MIL-OSI United Kingdom: Pandora Papers show Russia is buying our democracy, warn Greens


Source: Green Party of England and Wales

5 October 2021

The Green Party has said the Pandora Papers provide further evidence of Russian influence over and interference in UK democracy.

The Papers reveal that a former banker, Lubov Chernukhin, is one of the biggest female donors in recent British political history [1]. She donates enough to the Tories to qualify for membership of a small group of ultra-rich donors who meet monthly with Johnson and the chancellor, Rishi Sunak. 

Chernukhin’s husband is a former deputy finance minister under Russian president, Vladimir Putin. There is also evidence that the firm of a Russian-born oil tycoon has made huge donations to the Conservative party. 

Furthermore, while Russian president, Vladimir Putin, does not appear in the files by name, numerous close associates do. 

Earlier this year Green Party MP, Caroline Lucas, was one of six politicians who took the government to court over refusing to establish a public inquiry over alleged Russian interference in UK elections [2].

Green Party co-leader, Adrian Ramsay, said:

“Boris Johnson and his government have consistently failed to investigate Russian interference in our electoral processes and therefore failed to adequately protect our democracy. This is hardly surprising given that the Tory party receives vast sums from multi-millionaire Russian donors, who make their millions from dodgy off-shore dealings. Many of them are also close to the Putin regime. No wonder the government didn’t want to follow up on the Russia Report.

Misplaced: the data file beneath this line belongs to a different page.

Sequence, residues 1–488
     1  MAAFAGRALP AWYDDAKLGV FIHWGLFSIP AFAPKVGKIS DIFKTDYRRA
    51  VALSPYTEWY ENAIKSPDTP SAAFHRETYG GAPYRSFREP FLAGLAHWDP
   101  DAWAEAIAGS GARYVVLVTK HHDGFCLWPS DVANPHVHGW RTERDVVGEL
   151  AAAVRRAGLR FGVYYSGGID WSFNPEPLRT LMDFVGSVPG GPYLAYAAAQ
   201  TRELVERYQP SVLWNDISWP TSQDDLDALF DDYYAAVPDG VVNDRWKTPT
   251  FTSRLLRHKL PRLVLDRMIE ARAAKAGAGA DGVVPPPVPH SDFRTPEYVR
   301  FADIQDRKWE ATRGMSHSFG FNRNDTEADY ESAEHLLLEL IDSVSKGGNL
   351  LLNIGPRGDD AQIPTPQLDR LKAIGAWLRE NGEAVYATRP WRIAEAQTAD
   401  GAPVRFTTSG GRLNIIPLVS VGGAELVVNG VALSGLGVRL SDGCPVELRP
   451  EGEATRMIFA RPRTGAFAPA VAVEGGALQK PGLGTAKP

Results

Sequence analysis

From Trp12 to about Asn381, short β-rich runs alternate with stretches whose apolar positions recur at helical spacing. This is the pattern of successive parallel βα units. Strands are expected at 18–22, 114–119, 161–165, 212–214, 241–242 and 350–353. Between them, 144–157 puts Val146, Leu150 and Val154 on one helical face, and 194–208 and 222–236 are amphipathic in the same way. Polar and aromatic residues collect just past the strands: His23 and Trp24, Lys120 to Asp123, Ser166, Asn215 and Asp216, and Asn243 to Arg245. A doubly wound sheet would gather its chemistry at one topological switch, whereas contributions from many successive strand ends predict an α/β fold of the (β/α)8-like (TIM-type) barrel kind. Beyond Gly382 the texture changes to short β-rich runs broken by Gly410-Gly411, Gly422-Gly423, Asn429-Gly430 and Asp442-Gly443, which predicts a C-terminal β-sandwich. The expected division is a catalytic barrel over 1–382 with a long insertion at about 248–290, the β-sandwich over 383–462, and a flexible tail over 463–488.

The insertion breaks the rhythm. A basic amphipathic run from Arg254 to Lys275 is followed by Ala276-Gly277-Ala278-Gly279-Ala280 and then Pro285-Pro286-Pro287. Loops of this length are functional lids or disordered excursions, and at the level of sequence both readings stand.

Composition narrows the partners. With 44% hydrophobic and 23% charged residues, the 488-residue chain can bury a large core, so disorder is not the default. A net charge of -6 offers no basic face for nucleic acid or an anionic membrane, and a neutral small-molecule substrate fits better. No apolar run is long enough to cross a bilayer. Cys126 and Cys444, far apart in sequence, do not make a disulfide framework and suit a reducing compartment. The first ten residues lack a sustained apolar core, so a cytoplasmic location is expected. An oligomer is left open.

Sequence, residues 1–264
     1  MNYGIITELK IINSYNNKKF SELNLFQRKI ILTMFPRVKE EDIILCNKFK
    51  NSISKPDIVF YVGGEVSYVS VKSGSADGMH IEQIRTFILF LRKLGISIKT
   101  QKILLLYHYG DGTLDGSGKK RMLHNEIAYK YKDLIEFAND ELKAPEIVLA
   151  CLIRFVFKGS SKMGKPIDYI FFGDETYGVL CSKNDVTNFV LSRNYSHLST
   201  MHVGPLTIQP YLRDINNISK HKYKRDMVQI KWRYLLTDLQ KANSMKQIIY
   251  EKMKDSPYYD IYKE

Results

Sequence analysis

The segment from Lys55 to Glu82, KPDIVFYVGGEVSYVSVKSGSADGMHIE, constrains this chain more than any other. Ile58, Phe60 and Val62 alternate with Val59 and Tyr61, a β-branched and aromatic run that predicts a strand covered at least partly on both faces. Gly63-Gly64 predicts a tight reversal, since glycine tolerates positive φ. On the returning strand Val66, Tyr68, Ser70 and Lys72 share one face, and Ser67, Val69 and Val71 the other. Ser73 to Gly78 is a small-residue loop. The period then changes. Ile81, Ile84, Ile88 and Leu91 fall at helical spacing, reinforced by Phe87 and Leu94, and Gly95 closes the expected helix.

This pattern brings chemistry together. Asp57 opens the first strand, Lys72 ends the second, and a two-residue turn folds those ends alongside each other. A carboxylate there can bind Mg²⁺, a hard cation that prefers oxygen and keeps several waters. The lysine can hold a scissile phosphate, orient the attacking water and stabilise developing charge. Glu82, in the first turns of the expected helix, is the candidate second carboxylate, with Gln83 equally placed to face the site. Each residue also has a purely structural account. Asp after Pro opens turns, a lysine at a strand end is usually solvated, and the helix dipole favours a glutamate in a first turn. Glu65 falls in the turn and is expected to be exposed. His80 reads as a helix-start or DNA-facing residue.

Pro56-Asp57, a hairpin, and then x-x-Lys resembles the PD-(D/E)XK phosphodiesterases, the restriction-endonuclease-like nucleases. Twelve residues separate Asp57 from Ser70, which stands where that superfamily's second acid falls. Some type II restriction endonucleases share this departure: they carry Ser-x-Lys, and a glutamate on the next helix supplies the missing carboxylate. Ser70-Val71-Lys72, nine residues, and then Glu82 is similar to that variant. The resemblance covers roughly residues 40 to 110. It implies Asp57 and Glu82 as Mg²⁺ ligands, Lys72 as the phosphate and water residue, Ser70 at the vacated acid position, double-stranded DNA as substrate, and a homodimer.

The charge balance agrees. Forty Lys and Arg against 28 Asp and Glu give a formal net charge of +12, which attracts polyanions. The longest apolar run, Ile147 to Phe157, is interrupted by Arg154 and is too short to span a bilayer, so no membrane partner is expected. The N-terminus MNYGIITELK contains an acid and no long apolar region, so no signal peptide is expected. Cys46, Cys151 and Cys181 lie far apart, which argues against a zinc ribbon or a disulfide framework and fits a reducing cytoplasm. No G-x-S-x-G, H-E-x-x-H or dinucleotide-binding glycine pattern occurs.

“Dominic Raab has used Law and Order day at the Tory Party Conference to attack the Human Rights Act, which has been key to some of the most important justice fights over the last 30 years and offers important protection against an overbearing government. This is just the sort of thing one might expect to hear from authoritarian leaders like Vladimir Putin.

“Voter suppression, attempts to limit the constitutional scope of the judiciary, and attacks on the freedom to protest are all policies more appropriate to a dictatorship than a flourishing democracy.”





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